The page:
By way of summary, the invention apparatus for producing laser radiation includes a pair of discharge electrodes (6, 7) for firing a gas discharge which extends transversely with respect to the axis of the laser resonator, wherein pre-ionization is produced by a corona discharge, a charging-and-discharging circuit and a gas circulating-and-cooling system. First electrode (6) is secured to the wall of gas chamber (1) which is made from non-conducting material. The securing elements serve as current supply means. Second electrode (7) is mounted to the same wall as first electrode (6) on a plurality of metal rods (9). Metal rods (9) simultaneously perform a mechanical support function and an electrical current supply function and, at least in the region of gas chamber (1), are surrounded by insulator tube (11) having a high dielectric constant so that a corona discharge can be produced between first electrode (6) and insulated metal rods (9).

Patent Citations
Cited PatentFiling datePublication dateApplicantTitle
DD150974A1 * Title not available
DE2910177A1 *Mar 15, 1979Sep 18, 1980Opower Hans DrElektrisch angeregter co tief 2 -laser
GB1443127A * Title not available
Non-Patent Citations
Reference
1 *Electronics Letters, Improved Excitation Techniques for Atmospheric Pressure CO 2 Lasers , Mar. 25, 1971, vol. 7, Nos. 5/6.
2Electronics Letters, Improved Excitation Techniques for Atmospheric Pressure CO2 Lasers", Mar. 25, 1971, vol. 7, Nos. 5/6.
3J. App. Phys., "Laser Gain Characterization of Near-Atmospheric CO2 : N2 : He Glows in a Planar Electrode Geometry", Sep. 1973, vol. 44, No. 9.
4 *J. App. Phys., Laser Gain Characterization of Near Atmospheric CO 2 : N 2 : He Glows in a Planar Electrode Geometry , Sep. 1973, vol. 44, No. 9.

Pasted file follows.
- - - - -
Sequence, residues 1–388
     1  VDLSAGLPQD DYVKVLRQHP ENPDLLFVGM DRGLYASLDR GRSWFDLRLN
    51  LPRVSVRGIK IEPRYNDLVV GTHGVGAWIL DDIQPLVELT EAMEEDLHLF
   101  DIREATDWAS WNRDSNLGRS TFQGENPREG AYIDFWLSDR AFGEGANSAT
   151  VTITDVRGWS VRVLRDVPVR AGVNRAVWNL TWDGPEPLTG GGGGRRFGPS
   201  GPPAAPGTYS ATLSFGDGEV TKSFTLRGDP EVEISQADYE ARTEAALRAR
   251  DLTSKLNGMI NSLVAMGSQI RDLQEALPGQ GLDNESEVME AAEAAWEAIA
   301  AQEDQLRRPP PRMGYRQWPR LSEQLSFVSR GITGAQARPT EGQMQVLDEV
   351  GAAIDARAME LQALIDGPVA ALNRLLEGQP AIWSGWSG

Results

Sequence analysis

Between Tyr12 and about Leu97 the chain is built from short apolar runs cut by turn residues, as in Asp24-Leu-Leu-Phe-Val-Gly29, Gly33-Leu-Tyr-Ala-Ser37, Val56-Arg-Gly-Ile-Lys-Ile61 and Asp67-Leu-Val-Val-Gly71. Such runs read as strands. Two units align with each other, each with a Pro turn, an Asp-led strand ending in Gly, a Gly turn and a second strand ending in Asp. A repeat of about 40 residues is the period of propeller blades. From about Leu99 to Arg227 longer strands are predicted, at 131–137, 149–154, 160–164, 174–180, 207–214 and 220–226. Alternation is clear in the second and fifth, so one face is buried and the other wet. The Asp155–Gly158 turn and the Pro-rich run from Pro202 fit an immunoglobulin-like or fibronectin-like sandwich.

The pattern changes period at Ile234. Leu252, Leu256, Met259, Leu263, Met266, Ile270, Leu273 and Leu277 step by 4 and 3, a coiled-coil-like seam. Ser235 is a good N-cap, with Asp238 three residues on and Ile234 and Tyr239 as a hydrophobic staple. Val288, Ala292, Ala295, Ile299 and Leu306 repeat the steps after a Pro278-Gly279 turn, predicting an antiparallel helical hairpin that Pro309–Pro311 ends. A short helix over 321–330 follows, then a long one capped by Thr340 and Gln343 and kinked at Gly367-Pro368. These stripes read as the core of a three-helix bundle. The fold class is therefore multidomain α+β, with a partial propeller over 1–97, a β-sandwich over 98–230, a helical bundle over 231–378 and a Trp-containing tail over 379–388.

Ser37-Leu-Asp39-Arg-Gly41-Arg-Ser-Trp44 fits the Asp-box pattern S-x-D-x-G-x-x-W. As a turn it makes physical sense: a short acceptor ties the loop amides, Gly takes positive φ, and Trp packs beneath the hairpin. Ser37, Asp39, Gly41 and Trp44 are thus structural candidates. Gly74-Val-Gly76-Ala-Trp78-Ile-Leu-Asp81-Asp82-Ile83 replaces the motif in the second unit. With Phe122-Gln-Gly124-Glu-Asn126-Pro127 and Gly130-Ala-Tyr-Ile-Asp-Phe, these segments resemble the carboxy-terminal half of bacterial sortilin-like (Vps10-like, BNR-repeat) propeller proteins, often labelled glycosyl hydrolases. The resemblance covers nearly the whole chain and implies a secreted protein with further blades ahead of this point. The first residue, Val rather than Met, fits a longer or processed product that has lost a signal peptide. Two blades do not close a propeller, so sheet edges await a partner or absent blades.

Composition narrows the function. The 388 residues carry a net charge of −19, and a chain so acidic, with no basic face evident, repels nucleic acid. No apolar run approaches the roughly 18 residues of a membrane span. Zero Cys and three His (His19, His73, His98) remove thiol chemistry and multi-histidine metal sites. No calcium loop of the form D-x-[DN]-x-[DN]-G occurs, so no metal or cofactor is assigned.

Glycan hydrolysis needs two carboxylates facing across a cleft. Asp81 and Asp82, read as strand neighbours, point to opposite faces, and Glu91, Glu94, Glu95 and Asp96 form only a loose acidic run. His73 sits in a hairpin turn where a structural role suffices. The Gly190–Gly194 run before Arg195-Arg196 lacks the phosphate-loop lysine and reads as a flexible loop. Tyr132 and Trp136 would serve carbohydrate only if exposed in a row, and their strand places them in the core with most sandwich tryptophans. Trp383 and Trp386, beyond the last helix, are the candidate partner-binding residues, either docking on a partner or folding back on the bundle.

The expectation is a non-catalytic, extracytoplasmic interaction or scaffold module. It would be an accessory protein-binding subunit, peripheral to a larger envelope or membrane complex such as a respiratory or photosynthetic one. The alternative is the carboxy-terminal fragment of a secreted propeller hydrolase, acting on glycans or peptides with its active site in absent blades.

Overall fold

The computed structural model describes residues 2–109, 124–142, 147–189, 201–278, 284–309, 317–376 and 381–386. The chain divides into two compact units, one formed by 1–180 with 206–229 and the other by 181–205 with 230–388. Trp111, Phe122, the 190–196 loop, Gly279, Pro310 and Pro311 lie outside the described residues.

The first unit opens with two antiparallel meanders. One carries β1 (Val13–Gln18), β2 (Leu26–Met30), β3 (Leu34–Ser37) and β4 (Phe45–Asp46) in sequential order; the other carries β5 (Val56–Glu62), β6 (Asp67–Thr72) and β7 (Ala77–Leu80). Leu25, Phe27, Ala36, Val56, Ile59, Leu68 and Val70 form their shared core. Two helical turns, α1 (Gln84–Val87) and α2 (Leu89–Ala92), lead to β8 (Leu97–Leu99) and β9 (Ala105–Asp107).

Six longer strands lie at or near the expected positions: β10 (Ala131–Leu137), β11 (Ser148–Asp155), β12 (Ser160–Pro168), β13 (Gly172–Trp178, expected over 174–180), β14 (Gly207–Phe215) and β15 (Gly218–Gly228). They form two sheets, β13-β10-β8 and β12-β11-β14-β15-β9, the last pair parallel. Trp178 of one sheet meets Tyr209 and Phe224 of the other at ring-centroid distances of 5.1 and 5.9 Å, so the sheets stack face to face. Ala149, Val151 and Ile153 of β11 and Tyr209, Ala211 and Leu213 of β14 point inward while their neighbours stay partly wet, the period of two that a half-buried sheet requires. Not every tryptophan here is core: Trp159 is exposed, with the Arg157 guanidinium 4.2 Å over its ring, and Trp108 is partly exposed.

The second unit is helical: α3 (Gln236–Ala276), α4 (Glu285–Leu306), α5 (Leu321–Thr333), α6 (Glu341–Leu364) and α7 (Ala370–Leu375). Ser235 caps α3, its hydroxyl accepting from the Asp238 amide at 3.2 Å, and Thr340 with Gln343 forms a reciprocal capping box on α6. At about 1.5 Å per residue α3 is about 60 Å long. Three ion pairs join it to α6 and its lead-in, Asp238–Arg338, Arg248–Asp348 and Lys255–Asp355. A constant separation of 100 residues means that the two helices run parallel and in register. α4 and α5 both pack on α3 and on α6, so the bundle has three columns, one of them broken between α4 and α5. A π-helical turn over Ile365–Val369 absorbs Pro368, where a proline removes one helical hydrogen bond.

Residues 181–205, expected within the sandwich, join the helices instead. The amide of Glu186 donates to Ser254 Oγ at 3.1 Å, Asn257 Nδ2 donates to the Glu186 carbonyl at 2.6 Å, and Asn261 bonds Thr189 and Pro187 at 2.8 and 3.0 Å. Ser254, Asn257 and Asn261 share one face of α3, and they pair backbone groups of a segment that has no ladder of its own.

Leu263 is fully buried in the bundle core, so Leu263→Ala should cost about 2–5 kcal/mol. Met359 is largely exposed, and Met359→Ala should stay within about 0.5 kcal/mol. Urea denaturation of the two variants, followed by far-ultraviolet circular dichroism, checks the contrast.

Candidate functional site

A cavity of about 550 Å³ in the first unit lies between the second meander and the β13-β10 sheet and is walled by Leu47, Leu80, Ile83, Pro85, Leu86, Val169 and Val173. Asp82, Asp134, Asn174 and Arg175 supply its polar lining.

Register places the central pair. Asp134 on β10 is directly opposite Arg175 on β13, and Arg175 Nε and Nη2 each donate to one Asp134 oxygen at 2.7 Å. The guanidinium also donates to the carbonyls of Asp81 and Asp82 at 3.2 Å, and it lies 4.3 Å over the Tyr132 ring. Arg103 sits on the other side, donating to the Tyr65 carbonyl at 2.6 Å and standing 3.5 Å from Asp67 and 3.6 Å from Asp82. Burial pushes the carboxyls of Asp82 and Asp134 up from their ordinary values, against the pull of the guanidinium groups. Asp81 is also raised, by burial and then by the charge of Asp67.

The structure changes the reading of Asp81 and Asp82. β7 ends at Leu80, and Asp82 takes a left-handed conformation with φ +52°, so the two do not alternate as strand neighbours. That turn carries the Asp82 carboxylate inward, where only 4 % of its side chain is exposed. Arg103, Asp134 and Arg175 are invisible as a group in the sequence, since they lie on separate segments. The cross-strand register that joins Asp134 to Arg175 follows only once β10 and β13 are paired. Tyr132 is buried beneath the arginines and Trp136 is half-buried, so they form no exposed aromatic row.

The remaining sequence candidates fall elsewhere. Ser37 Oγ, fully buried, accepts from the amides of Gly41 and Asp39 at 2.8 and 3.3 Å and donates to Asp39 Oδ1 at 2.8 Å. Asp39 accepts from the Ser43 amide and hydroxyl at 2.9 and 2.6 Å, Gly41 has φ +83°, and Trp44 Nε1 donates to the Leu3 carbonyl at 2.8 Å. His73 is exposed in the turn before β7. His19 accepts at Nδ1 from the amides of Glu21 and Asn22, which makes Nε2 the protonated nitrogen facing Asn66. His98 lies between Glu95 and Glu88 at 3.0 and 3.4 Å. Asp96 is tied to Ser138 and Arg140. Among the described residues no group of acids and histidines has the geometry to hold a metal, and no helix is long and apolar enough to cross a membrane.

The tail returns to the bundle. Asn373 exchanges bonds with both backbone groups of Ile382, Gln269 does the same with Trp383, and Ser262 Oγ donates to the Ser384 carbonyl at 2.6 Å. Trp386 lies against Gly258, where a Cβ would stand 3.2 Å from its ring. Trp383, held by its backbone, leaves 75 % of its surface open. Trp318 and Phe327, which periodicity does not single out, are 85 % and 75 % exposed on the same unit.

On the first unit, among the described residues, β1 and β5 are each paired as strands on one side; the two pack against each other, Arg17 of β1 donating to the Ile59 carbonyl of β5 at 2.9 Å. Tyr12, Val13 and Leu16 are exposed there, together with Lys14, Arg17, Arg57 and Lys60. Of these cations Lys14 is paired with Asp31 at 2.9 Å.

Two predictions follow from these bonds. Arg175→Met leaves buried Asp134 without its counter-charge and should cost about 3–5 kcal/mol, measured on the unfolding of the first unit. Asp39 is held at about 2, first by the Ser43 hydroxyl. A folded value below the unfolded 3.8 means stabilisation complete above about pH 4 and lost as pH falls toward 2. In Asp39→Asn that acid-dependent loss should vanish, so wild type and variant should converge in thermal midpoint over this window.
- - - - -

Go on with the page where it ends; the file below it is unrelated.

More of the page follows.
5 *Optics Communications , Construction and Performance Characteristics of a Rapid Discharge TEA CO 2 Laser , Oct. 1978, vol. 27, No. 1.
6Optics Communications, "Construction and Performance Characteristics of a Rapid Discharge TEA CO2 Laser", Oct. 1978, vol. 27, No. 1.
Referenced by
Citing PatentFiling datePublication dateApplicantTitle
US4637031 *Nov 1, 1983Jan 13, 1987Battelle-Institut E.V.Apparatus for the generation of laser radiation
US4802185 *Jun 29, 1987Jan 31, 1989Nec CorporationTransversely excited atmospheric laser
US4882735 *Dec 1, 1988Nov 21, 1989United Technologies CorporationModular UV preionization package for a CO2 laser
US5081638 *Dec 5, 1990Jan 14, 1992Lumonics Inc.Excimer laser
US6456643Mar 21, 2000Sep 24, 2002Lambda Physik AgSurface preionization for gas lasers
US6618422May 22, 2001Sep 9, 2003Lambda Physik AgPreionization arrangement for a gas laser
US6650679Feb 10, 1999Nov 18, 2003Lambda Physik AgPreionization arrangement for gas laser
US6671302Aug 2, 2001Dec 30, 2003Lambda Physik AgDevice for self-initiated UV pre-ionization of a repetitively pulsed gas laser
US6757315Oct 19, 2000Jun 29, 2004Lambda Physik AgCorona preionization assembly for a gas laser
DE102006023392A1 *May 17, 2006Nov 22, 2007Forschungszentrum Karlsruhe GmbhSchaltfunkenstrecke mit einer Koronaelektrode
Classifications
U.S. Classification372/86, 372/87, 372/83
International ClassificationH01S3/03, H01S3/038, H01S3/097, H01S3/0971
Cooperative ClassificationH01S3/09716
European ClassificationH01S3/0971B2
Legal Events
DateCodeEventDescription
Mar 16, 1993FPExpired due to failure to pay maintenance fee
Effective date: 19930103
Jan 3, 1993LAPSLapse for failure to pay maintenance fees
Jun 15, 1988FPAYFee payment
Year of fee payment: 4
May 12, 1982ASAssignment
Owner name: BATTELLE-INSTITUT E.V., AM ROMERHOF 35, 6000 FRANK
Free format text: ASSIGNMENT OF ASSIGNORS INTEREST.;ASSIGNORS:BECK, RASMUS;HANSEN, ERICH;REEL/FRAME:003990/0024
Effective date: 19820505